Impact of a novel molecular TB diagnostic system in patients at high risk of TB mortality in rural South Africa (Uchwepheshe): Study protocol for a cluster randomised trial

Trials (Impact Factor: 1.73). 06/2013; 14(1):170. DOI: 10.1186/1745-6215-14-170
Source: PubMed


Tuberculosis control in sub-Saharan Africa has long been hampered by poor diagnostics and weak health systems. New molecular diagnostics, such as the Xpert® MTB/RIF assay, have the potential to improve patient outcomes. We present a cluster randomised trial designed to evaluate whether the positioning of this diagnostic system within the health system has an impact on important patient-level outcomes.

This pragmatic cluster randomised clinical trial compared two positioning strategies for the Xpert MTB/RIF system: centralised laboratory versus primary health care clinic. The cluster (unit of randomisation) is a 2-week time block at the trial clinic. Adult pulmonary tuberculosis suspects with confirmed human immunodeficiency virus infection and/or at high risk of multidrug-resistant tuberculosis are enrolled from the primary health care clinic. The primary outcome measure is the proportion of culture-confirmed pulmonary tuberculosis cases initiated on appropriate treatment within 30 days of initial clinic visit. Univariate logistic regression will be performed as the primary analysis using generalised estimating equations with a binomial distribution function and a logit link.

Diagnostic research tends to focus only on performance of diagnostic tests rather than on patient-important outcomes. This trial has been designed to improve the quality of evidence around diagnostic strategies and to inform the scale-up of new tuberculosis diagnostics within public health systems in high-burden settings.

Trial registration
Current Controlled Trials ISRCTN18642314; South African National Clinical Trials Registry DOH-27-0711-3568.

Download full-text


Available from: Richard Lessells, Oct 13, 2015
29 Reads
  • Source
    • "Several studies included in this review compared outcomes before and after the introduction of PoC CD4, and the observed changes may have been due to other programme improvements during the reporting period. Diagnostic research tends to focus on test performance rather than patient related outcomes [29] although efforts are underway to carry out high quality studies to address these questions in other disease areas [30] and similar studies would be helpful for PoC diagnostics. Inconsistency in outcome reporting meant that each outcome was assessed by only a subset of studies. "
    [Show abstract] [Hide abstract]
    ABSTRACT: Introduction Point-of-care testing for CD4 cell count is considered a promising way of reducing the time to eligibility assessment for antiretroviral therapy (ART) and of increasing retention in care prior to treatment initiation. In this review, we assess the available evidence on the patient and programme impact of point-of-care CD4 testing. Methods We searched nine databases and two conference sites (up until 26 October 2013) for studies reporting patient and programme outcomes following the introduction of point-of-care CD4 testing. Where appropriate, results were pooled using random-effects methods. Results Fifteen studies, mainly from sub-Saharan Africa, were included for review, providing evidence for adults, adolescents, children and pregnant women. Compared to conventional laboratory-based testing, point-of-care CD4 testing increased the likelihood of having CD4 measured [odds ratio (OR) 4.1, 95% CI 3.5–4.9, n=2] and receiving a CD4 result (OR 2.8, 95% CI 1.5–5.6, n=6). Time to being tested was significantly reduced, by a median of nine days; time from CD4 testing to receiving the result was reduced by as much as 17 days. Evidence for increased treatment initiation was mixed. Discussion The results of this review suggest that point-of-care CD4 testing can increase retention in care prior to starting treatment and can also reduce time to eligibility assessment, which may result in more eligible patients being initiated on ART.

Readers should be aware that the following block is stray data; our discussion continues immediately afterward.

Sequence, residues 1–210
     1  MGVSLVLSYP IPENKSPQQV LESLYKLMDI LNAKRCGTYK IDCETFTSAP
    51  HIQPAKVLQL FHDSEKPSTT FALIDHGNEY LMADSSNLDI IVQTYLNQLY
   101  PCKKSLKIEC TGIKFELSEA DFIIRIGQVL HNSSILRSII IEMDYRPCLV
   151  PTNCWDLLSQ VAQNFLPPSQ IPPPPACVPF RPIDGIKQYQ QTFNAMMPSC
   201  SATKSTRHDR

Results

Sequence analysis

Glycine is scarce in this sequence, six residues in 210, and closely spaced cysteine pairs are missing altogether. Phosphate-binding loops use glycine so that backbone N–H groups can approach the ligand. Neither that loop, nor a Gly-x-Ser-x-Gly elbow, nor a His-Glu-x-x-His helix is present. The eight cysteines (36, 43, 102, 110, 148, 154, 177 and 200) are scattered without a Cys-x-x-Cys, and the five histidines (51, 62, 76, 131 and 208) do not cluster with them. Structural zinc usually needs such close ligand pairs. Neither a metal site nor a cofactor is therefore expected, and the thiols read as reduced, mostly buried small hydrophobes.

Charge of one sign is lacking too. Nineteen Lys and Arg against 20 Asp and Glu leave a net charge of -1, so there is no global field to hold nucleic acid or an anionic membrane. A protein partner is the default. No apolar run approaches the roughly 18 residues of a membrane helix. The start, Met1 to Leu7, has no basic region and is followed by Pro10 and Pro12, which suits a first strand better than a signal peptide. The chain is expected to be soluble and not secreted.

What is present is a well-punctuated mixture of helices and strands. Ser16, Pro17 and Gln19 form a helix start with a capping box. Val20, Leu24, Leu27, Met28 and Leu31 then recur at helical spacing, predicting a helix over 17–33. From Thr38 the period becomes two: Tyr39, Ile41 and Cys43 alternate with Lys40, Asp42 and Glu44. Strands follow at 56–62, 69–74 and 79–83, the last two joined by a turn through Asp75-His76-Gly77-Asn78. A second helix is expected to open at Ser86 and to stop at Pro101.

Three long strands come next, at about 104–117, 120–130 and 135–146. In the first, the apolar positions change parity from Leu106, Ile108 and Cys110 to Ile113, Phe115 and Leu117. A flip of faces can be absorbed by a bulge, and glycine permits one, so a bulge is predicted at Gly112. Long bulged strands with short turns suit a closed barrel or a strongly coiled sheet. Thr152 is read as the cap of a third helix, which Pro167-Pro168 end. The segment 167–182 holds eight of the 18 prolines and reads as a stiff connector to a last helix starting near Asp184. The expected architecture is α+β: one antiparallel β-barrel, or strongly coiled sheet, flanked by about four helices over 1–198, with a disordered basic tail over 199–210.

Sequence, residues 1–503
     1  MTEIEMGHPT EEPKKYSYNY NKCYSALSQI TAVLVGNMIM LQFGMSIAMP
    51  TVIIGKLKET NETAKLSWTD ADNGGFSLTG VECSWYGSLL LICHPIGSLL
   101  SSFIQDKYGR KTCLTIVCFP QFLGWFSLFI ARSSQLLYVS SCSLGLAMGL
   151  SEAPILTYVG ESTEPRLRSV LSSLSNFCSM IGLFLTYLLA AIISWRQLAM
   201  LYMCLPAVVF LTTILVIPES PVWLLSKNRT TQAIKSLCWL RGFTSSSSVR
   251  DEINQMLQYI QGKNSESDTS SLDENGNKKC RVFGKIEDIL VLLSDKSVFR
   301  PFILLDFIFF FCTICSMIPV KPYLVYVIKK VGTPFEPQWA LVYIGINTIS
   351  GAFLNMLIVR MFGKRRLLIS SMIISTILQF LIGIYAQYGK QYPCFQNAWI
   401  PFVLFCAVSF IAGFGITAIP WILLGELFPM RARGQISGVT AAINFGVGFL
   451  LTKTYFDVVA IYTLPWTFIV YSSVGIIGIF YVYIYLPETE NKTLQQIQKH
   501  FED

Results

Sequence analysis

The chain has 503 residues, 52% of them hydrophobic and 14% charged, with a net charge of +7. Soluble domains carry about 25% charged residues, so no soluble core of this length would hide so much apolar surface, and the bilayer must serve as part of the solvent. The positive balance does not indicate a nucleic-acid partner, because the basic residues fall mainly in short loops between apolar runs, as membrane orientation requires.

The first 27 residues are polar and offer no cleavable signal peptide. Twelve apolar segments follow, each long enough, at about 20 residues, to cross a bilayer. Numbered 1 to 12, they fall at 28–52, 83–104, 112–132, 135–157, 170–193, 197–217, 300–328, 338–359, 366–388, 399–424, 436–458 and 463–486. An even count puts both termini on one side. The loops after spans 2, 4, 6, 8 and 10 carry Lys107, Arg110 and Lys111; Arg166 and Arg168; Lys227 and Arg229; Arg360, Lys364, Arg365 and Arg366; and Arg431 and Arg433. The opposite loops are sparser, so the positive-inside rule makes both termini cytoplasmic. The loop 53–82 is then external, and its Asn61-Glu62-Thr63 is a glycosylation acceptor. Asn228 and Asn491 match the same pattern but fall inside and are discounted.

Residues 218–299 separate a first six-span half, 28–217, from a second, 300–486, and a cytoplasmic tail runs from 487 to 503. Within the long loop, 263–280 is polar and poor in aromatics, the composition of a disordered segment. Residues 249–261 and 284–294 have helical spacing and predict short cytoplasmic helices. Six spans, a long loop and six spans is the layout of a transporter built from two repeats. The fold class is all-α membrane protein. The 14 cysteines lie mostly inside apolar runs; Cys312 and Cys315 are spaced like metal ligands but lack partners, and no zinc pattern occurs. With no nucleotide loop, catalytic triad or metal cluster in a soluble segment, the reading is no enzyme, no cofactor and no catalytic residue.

Journal of the International AIDS Society 01/2014; 17(1):18809. DOI:10.7448/IAS.17.1.18809 · 5.09 Impact Factor
  • Source
    [Show abstract] [Hide abstract]
    ABSTRACT: The landscape of diagnostic testing for tuberculosis (TB) is changing rapidly, and stakeholders need urgent guidance on how to develop, deploy and optimize TB diagnostics in a way that maximizes impact and makes best use of available resources. When decisions must be made with only incomplete or preliminary data available, modelling is a useful tool for providing such guidance. Following a meeting of modelers and other key stakeholders organized by the TB Modelling and Analysis Consortium, we propose a conceptual framework for positioning models of TB diagnostics. We use that framework to describe modelling priorities in four key areas: Xpert® MTB/RIF scale-up, target product profiles for novel assays, drug susceptibility testing to support new drug regimens, and the improvement of future TB diagnostic models. If we are to maximize the impact and cost-effectiveness of TB diagnostics, these modelling priorities should figure prominently as targets for future research.
    The International Journal of Tuberculosis and Lung Disease 09/2014; 18(9):1012-8. DOI:10.5588/ijtld.13.0851 · 2.32 Impact Factor